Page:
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Coronavirus In Jails And Prisons

An outbreak at Montana’s Cascade County jail demonstrates the risk COVID-19 poses to rural communities, the virus has infected nearly 2,000 children in juvenile-detention facilities, and one large Michigan prison is grappling with an outbreak that’s infected roughly one-third of its staff.

Photo illustration by Elizabeth Brown.

Coronavirus In Jails And Prisons

An outbreak at Montana’s Cascade County jail demonstrates the risk COVID-19 poses to rural communities, the virus has infected nearly 2,000 children in juvenile-detention facilities, and one large Michigan prison is grappling with an outbreak that’s infected roughly one-third of its staff.


Weeks before the first reported cases of COVID-19 in prisons and jails, correctional healthcare experts warned that all the worst aspects of the U.S. criminal justice system—overcrowded, aging facilities lacking sanitary conditions and where medical care is, at best, sparse; too many older prisoners with underlying illnesses; regular flow of staff, guards, healthcare workers in and out of facilities—would leave detention facilities, and their surrounding communities, vulnerable to outbreaks. Despite those early warnings, even jails and prisons that believed they were well-prepared have seen a rapid spread of the virus. Over the next several months, The Appeal will be examining the coronavirus crisis unfolding in U.S. prisons and jails, COVID-19’s impact on surrounding communities and how the virus might reshape our lives. Read recent posts.


The Cascade County Detention Center, built in 1998, has been overcrowded for years. When a COVID-19 outbreak hit the Montana jail in late August, sleeping mats were on “the floor in the day room, in shower stalls, in stairwells, in hallways outside of cells,” New York Times reporters Lucy Tompkins, Maura Turcotte, and Libby Seline write

While cases in the jail are now on the decline, the virus has infected more than 300 people there—including those incarcerated and those who work at the jail. Roughly a quarter of all known cases in Cascade County—where the local hospital’s 27-bed COVID-19 unit is at capacity—are tied to the jail, the Times reports. As a state, Montana has recently emerged as a coronavirus hotspot, with cases jumping from roughly 100 a day in August to now more than 700.

Other Montana correctional facilities are seeing large outbreaks that threaten to overwhelm nearby medical resources. Montana State Prison, in Deer Lodge—a town of roughly 3,000,where the prison is the main employer—is dealing with a growing outbreak. And at the Crossroads Correctional Center in Shelby, another small town, 239 people have tested positive for the virus, according to the Montana Department of Corrections.


Since late March, The Sentencing Project’s Josh Rovner has been tracking cases of COVID-19 in juvenile-detention facilities. According to Rovner’s tally, nearly 2,000 young detainees have been infected with the virus since March 24; roughly 400 of them live in Florida.

“Those who would dismiss the numbers—either because you don’t know any incarcerated kids or because they haven’t yet died—should know that a similar number of staff working in Florida’s youth facilities have contracted the virus,” Rovner wrote in an op-ed for the Palm Beach Post. “The virus doesn’t care whether your uniform reads ‘staff’ or ‘detainee.’ Give it a chance to transmit, and it will.”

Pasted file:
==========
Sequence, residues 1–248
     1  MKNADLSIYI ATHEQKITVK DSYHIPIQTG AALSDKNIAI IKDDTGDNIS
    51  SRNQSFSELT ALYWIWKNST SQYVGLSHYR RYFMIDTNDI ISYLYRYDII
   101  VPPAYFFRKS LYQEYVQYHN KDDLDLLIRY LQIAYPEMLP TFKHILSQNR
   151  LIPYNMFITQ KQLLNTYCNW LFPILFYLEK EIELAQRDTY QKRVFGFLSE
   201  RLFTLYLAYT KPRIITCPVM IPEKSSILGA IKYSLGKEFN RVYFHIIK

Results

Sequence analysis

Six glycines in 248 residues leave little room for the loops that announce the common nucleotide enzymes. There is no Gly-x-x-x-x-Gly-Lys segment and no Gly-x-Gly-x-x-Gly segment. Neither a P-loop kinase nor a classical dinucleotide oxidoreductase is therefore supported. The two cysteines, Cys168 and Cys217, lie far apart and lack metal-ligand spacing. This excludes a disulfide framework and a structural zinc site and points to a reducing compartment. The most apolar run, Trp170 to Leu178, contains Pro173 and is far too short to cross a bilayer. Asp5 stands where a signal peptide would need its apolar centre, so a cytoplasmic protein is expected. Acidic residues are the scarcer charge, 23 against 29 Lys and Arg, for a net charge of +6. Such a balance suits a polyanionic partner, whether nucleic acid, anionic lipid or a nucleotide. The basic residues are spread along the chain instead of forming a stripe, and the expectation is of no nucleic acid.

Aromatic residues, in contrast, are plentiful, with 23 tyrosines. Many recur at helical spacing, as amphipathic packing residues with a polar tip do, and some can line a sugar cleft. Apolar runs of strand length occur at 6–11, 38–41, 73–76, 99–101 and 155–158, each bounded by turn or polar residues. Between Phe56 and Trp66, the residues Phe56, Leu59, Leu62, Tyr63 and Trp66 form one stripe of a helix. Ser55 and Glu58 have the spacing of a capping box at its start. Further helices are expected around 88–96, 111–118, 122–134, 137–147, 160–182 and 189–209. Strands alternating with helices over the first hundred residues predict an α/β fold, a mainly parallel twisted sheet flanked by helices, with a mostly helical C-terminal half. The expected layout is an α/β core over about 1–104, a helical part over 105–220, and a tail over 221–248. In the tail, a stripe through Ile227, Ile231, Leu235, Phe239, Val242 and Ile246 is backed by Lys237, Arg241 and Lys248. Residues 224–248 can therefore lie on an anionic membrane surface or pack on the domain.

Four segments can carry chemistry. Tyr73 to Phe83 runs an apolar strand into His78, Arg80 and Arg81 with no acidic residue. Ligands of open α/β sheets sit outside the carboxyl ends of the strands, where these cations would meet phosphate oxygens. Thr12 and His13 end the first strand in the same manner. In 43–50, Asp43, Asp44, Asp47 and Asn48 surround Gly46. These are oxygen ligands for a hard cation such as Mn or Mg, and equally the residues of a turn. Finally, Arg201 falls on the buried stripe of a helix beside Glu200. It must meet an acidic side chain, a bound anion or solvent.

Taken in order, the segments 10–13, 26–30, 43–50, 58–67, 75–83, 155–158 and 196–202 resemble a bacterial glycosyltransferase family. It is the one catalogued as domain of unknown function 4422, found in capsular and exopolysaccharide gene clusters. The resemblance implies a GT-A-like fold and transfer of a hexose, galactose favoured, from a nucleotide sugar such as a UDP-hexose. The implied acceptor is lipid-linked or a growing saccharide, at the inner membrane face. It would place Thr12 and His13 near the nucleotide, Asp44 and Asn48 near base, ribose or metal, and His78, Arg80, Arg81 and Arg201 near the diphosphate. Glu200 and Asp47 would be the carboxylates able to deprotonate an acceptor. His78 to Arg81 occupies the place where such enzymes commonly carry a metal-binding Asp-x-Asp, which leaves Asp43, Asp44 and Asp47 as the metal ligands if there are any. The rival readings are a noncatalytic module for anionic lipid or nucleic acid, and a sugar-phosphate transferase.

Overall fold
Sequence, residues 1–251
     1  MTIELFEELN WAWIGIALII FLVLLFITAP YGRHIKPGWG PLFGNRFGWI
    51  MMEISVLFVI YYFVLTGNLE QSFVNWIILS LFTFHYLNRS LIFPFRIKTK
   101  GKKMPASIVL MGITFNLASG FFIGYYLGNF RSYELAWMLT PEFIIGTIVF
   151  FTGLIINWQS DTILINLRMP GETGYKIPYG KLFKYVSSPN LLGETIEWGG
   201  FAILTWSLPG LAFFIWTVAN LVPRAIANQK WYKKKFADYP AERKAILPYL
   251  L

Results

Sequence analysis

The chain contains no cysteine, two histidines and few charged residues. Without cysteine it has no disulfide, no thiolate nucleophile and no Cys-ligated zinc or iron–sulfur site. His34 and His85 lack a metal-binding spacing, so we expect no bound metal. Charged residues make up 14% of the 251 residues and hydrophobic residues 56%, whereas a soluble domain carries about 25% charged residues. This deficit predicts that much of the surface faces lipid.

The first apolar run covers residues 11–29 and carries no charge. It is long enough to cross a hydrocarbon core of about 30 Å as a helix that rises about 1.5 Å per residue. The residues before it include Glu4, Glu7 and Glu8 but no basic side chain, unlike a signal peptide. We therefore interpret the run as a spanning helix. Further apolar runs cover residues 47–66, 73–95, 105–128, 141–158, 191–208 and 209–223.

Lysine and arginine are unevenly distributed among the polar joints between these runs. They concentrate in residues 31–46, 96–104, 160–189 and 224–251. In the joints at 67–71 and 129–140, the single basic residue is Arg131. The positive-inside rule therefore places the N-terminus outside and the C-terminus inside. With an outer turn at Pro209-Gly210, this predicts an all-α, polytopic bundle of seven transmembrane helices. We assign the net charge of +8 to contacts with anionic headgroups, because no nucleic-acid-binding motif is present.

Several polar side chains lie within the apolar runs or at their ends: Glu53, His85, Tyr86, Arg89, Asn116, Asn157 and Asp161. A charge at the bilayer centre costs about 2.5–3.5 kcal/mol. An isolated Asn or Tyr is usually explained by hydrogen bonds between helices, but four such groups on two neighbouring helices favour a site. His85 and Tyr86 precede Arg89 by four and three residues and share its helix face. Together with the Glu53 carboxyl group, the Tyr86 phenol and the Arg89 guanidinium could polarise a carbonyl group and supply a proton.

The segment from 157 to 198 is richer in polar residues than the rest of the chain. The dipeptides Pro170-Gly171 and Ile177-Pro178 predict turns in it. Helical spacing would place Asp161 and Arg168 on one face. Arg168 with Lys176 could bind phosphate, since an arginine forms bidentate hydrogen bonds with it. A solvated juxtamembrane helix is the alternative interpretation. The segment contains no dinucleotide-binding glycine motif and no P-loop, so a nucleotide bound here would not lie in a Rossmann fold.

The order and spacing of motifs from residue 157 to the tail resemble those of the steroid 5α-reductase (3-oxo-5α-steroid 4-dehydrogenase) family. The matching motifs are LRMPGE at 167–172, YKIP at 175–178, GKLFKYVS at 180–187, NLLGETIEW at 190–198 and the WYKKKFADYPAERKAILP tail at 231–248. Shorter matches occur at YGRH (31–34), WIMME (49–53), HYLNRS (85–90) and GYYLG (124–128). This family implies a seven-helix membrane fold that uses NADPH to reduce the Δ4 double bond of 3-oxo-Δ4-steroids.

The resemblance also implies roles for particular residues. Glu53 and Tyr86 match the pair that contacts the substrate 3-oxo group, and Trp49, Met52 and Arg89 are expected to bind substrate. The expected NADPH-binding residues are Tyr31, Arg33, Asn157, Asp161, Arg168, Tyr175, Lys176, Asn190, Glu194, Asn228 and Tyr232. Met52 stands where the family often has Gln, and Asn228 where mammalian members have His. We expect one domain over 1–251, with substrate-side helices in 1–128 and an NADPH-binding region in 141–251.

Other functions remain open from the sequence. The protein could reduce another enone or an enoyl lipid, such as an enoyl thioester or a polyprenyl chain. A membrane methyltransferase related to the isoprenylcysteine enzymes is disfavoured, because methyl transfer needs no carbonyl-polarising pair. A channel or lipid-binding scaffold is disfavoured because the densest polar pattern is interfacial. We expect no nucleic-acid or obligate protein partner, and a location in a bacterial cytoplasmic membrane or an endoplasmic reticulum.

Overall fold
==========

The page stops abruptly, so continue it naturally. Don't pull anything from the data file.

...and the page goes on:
Rovner urges Florida officials to reduce the population of its juvenile-detention centers. He points to neighboring Georgia, which has seen two-thirds fewer cases among juvenile detainees than Florida. 

Rovner’s op-ed follows his recent report, Youth Justice Under the Coronavirus, which includes a chart showing that, unlike in jails and prisons, where overcrowding often spurs outbreaks, most juvenile-detention facilities affected by COVID-19 are holding far fewer children than they were designed to accommodate. Los Angeles’ Central Juvenile Hall, for example, has space for 622 but now houses 41. 

“Drops in admissions during the pandemic buttress the long-standing case that youth incarceration is largely unnecessary,” Rovner writes. The fact that so many facilities have scaled back—or even halted—educational and therapeutic programs as well as family visits further underscores the harm of keeping kids locked up amid the pandemic.   

“The juvenile system strives to distinguish itself from adult corrections by valuing rehabilitation over punishment; ending such programming blurs that difference,” Rovner writes.


The ACLU, in collaboration with UCLA’s Prison Law and Policy Program, recently made public its Death by Incarceration tracker, which lists all known deaths in prisons and jails due to COVID-19. Check back on Wednesday when we’ll take a deeper dive into the data. 

More than one-third of the staff at the Marquette Branch Prison in Michigan have either tested positive for COVID-19 or are waiting for test results, Angie Jackson with the Detroit Free Press reports. More staff members at the prison have contracted the virus than at any of the state’s 29 other prisons. “Coronavirus cases are climbing among prisoners as well,” Jackson writes. As of Friday evening, at least 204 of 972 incarcerated people who were tested at Marquette Branch were positive for the virus. 

A new report by the ACLU of Colorado describes efforts to reduce the state’s jail population—to allow for social distancing—as “smart, safe, and thoughtful, with a clear focus on reserving jail beds for people who pose a threat to others.” Before the COVID-19 pandemic, Colorado jails were at 81 percent capacity; they’re currently at 47 percent capacity, though the report warns that some jails have seen a recent population uptick. “We must not accept a return to the ‘normal’ that contributed to making this pandemic so much worse,” the report urges.